Call up the Academy; forget the Call Me By Your Name sequel and tell the cast of the L Word that the new show is cancelled – the Renault advert has arrived and surprisingly, it’s the queer love story that the world needs.
For those who don’t want to risk sobbing while watching the advert – which celebrates 30 years since the first Renault Clio hit the road – it tells the story of a same-sex relationship taking shape over three decades. A British girl embarks on a foreign exchange trip to France and meets her match in the girl she stays with.
A beautiful relationship blossoms over the years resulting in snogging in cars, frolicking in the sea and exchanging passionate love letters as the pair grow older. After a heartbreaking reaction from the British girl’s father, an emotional wedding and through-the-night drive through the Channel Tunnel, we see the lovers reunite and drive off (in a Clio, obvs) with a daughter of their own.
It’s beautiful, it’s romantic and it’s perfectly queer; but when the two-minute film came to an emotional end and revealed itself to be an advert for the All-New Renault, I was aghast. I’m a lesbian, and I’ve come to terms with the fact that representation of queer relationships is limited and frail; often inaccurate and oversexualised, lacking nuance and understanding. So how did a Renault advert featuring a whiny, melancholy cover of Oasis’ Wonderwall manage to reduce me to tears in seconds?
Perhaps it’s because I’m so used to being misrepresented and enraged by the popular media’s portrayals of queer people that my instinct is to launch into a rainbow capitalism debate – horrified that brands would consider my sexuality fair game to sell irrelevant products. We’re so used to wannabe-woke brands fighting to prove themselves to be inclusive while alienating the community they set out to capture; and it’s exhausting.
Representation is so important, how hard can it be to get it right? Changing your logo to a rainbow flag during Pride month but doing nothing else to support the community: wrong. Using Pride month as a hook to donate money to local LGBTQ+ causes a la Co-Op: right. Having Mr T throw Snickers bars and yelling “run like a real man!”: wrong. Creating a tasteful two-minute advert featuring a loving same-sex relationship without making the product the star of the show: absolutely, 100% right.
While I’m not suggesting that a single car advert (however magnificent) is going to be the trigger for radical social change; I do believe that for every LGBTQ+ love story we see on TV, we’re taking a step in the right direction. Growing up gay, closeted and frightened is isolating; and seeing people like you on TV – even just for two-minutes – is enough to let you know that you’re not alone.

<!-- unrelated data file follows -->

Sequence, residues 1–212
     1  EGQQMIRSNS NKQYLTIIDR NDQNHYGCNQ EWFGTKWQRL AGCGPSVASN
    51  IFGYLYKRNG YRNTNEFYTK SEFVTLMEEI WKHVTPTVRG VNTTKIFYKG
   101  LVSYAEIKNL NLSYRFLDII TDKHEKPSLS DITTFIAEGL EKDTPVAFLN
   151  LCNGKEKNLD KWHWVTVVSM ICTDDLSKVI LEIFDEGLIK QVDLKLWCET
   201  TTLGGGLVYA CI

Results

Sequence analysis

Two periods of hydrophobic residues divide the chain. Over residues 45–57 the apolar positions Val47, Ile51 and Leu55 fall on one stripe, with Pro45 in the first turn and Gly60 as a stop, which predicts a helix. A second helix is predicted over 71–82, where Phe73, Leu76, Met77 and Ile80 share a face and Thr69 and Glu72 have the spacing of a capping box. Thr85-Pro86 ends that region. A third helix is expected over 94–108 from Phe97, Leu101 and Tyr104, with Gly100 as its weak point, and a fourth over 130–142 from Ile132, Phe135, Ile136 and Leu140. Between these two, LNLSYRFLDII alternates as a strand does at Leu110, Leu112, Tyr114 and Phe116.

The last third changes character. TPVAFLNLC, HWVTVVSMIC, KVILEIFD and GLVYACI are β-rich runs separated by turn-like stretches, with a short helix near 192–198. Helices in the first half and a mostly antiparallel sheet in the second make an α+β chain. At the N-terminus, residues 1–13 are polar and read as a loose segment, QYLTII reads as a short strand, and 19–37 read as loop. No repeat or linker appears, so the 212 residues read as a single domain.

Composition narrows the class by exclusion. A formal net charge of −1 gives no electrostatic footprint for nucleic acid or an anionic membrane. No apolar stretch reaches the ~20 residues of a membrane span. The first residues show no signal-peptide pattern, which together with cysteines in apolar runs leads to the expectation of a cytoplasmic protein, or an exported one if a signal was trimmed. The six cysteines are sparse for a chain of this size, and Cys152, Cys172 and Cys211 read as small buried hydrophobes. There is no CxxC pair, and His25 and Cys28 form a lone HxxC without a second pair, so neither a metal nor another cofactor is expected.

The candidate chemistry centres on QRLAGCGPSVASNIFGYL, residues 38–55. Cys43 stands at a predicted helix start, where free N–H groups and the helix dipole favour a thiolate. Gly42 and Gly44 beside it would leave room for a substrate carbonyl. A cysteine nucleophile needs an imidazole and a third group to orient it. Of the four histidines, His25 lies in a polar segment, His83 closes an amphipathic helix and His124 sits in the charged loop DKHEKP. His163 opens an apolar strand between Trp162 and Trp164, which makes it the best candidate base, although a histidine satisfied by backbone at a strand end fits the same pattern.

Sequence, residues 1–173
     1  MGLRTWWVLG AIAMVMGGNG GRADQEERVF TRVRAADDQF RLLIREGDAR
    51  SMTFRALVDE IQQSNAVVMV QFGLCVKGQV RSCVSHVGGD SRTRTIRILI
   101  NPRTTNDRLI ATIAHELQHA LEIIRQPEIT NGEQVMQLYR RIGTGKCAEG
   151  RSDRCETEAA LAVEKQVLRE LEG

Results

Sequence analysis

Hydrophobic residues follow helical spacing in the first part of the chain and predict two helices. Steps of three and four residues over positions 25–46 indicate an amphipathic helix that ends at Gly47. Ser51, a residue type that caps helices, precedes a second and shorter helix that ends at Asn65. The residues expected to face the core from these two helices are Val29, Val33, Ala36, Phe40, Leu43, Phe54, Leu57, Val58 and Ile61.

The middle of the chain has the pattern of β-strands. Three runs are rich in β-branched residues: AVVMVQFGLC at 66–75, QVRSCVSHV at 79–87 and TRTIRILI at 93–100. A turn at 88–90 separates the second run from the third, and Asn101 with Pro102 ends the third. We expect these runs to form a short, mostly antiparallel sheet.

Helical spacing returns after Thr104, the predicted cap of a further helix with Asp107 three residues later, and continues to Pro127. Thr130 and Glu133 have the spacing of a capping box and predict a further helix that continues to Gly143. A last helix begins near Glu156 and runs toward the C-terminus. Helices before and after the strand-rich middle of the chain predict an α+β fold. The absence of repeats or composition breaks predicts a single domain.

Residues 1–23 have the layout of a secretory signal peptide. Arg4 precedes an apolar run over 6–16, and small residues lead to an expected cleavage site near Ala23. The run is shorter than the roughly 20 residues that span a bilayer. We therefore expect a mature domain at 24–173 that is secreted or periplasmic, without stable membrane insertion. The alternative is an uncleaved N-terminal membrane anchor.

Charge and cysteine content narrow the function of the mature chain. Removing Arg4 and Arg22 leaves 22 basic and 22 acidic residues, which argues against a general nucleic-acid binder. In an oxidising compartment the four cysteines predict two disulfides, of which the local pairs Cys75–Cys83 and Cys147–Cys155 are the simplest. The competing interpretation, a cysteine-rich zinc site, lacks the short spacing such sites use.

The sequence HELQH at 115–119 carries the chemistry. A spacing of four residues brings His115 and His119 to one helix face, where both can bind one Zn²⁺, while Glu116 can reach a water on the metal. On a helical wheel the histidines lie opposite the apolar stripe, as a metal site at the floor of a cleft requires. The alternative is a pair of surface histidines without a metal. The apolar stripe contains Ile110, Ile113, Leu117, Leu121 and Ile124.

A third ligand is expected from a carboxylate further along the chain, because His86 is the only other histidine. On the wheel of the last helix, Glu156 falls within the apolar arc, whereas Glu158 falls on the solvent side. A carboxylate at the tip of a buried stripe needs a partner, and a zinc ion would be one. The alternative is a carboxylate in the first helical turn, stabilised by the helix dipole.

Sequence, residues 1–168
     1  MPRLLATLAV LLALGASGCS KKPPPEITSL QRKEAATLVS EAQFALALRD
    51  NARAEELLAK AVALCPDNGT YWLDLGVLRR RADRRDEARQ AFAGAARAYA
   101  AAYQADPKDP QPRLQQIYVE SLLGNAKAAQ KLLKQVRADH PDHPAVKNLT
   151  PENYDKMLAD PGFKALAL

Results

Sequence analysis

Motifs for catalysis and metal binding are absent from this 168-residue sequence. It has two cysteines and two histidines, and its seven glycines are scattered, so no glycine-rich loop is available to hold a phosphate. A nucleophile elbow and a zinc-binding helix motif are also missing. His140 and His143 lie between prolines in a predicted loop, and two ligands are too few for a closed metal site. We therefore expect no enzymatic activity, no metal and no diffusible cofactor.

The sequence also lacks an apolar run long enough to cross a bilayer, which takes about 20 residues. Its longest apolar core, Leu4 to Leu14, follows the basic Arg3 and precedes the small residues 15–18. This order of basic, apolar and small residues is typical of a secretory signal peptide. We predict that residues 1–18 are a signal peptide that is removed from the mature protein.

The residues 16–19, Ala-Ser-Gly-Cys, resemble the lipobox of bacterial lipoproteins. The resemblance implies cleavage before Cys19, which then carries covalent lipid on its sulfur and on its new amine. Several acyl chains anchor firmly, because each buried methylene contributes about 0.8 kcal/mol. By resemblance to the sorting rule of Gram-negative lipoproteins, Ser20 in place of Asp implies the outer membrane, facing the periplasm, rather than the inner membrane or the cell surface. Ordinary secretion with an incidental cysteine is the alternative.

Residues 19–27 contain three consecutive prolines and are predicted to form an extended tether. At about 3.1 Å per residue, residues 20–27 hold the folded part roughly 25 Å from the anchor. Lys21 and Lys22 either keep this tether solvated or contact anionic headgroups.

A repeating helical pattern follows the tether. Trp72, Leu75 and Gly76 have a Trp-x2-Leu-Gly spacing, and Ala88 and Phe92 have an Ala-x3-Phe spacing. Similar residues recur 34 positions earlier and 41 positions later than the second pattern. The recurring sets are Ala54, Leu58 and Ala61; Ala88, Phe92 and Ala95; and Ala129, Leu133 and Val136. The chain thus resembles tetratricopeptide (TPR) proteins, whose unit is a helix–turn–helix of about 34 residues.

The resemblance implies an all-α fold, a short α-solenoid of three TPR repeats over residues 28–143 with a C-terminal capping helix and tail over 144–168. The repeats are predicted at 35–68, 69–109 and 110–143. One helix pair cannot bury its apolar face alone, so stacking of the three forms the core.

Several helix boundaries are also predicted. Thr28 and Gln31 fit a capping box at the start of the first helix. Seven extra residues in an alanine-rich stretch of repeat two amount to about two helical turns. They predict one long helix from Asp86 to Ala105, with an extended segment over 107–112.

And it’s not just important for us – it’s a stark reminder for everyone else that a world exists outside their own – one with little representation, and without the same love stories that dominate hetero-heavy popular media. It’s imperative that everyone is able to see queer relationships in all their glory.
It’s rare to find a representation so accurate, warm and emotional; one that doesn’t attempt to commodify LGBTQ+ people and profit from our culture, but rather to embrace and champion us in a love story that’s relatable – and that is truly something to be lauded.
Renault has managed to hit the sweet spot in advertising – managing to create a seriously beautiful, emotive and sensitive LGBTQ+ love story that doesn’t focus on product, but equally doesn’t leave it behind. The same-sex relationship in the ad isn’t there to sell cars, but rather to sell societal change and brand heritage with a beautiful subtlety that – unlike other brand’s ‘inclusive’ advertising – doesn’t make me insane with anger.
Renault have shown a beaming example of how sensitivity, respect and romanticism can be used not just to sell cars, but to sell the idea of real and emotive queer relationships to an audience who might not have seen that representation before. Other brands should take note and follow suit, or prepare to be left behind.
Sophie Brown is a freelance journalist.